Muslims Should Reduce HIV/AIDS Stigma To Help Fight Epidemic in Africa, Opinion Piece Says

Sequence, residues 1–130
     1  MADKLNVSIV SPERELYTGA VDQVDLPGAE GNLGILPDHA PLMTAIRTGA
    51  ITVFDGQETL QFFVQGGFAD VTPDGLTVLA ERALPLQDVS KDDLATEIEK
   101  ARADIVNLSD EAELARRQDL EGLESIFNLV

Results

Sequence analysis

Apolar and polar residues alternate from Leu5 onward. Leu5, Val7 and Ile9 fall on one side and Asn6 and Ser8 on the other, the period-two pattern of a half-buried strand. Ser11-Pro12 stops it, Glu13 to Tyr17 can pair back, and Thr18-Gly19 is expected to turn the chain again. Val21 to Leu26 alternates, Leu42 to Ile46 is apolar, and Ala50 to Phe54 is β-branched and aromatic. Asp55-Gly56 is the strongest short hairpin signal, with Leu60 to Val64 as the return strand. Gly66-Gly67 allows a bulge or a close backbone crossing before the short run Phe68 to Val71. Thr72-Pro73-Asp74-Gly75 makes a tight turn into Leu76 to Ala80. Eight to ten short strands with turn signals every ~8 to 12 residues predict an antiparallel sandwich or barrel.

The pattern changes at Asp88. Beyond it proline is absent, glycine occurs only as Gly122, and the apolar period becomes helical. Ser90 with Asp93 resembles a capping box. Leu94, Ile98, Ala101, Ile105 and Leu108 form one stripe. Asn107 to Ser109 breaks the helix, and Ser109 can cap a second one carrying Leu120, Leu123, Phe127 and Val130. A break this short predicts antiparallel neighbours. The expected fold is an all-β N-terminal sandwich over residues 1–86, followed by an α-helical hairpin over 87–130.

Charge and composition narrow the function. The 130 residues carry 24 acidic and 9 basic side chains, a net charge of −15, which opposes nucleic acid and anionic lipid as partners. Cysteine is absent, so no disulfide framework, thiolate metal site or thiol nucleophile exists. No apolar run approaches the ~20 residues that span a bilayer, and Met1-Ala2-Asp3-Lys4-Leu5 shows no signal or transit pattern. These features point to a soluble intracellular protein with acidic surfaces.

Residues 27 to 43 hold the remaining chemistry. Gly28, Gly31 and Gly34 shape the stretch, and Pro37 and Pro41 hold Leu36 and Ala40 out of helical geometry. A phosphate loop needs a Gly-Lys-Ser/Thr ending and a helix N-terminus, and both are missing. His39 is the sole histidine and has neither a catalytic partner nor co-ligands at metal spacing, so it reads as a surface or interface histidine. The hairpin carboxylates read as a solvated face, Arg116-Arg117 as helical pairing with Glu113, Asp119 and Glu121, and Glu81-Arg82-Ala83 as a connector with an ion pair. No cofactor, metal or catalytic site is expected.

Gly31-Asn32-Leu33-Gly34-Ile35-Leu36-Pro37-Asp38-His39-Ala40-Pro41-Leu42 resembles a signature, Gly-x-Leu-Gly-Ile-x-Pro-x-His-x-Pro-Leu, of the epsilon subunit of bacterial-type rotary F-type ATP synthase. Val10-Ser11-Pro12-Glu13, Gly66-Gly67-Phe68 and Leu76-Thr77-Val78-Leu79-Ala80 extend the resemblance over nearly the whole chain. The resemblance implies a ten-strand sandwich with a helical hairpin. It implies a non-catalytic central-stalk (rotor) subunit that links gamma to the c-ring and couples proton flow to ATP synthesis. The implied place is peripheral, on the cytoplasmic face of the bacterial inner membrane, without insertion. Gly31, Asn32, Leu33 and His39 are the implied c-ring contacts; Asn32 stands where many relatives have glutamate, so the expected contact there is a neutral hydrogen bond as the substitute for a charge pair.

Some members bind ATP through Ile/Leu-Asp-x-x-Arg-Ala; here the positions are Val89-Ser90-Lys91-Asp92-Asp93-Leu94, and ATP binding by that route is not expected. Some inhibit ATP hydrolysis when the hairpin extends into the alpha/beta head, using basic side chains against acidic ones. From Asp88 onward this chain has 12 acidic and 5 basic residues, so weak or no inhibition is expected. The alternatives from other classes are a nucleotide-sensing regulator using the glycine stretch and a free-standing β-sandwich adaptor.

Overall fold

Muslims need to reduce the stigma surrounding HIV/AIDS in order to fight the epidemic and help AIDS orphans in Africa, columnist Sheema Khan writes in a Toronto Globe and Mail opinion piece. Although a Harvard University study published in May showed that HIV prevalence in predominately Muslim areas in Africa is lower than in other parts of the continent "due primarily to Islamic tenets, which, if followed, reduce sexual transmission of HIV," the "same taboos have been used to stigmatize the ill and dying," according to Khan. The "immensity of the pandemic" needs to be discussed at the grassroots level, such as during Friday sermons, Khan says. In addition, despite the "importance that Islam places on the welfare of orphans," it seems that "compassion has given way to ostracization" when it comes to AIDS orphans, Khan says, suggesting that "Muslim charities that provide sponsorship of orphans in the Muslim world can team up with their Christian counterparts, such as CARE, to work together for the benefit of orphans in Africa." The month of Ramadan, which began last week, is "a time to help those who are less fortunate -- especially orphans, widows and the ill -- for we are all part of the human family," Khan says, adding, "[I]t is this humanity that should impel Muslims to look beyond the stigma associated with HIV/AIDS, into the expansive nature of compassion." Khan concludes, "Isn't it time to break from the clash of civilizations and try to save one that is dying before our eyes?" (Khan, Toronto Globe and Mail, 10/21).This is part of the Morning Briefing, a summary of health policy coverage from major news organizations. Sign up for an email subscription.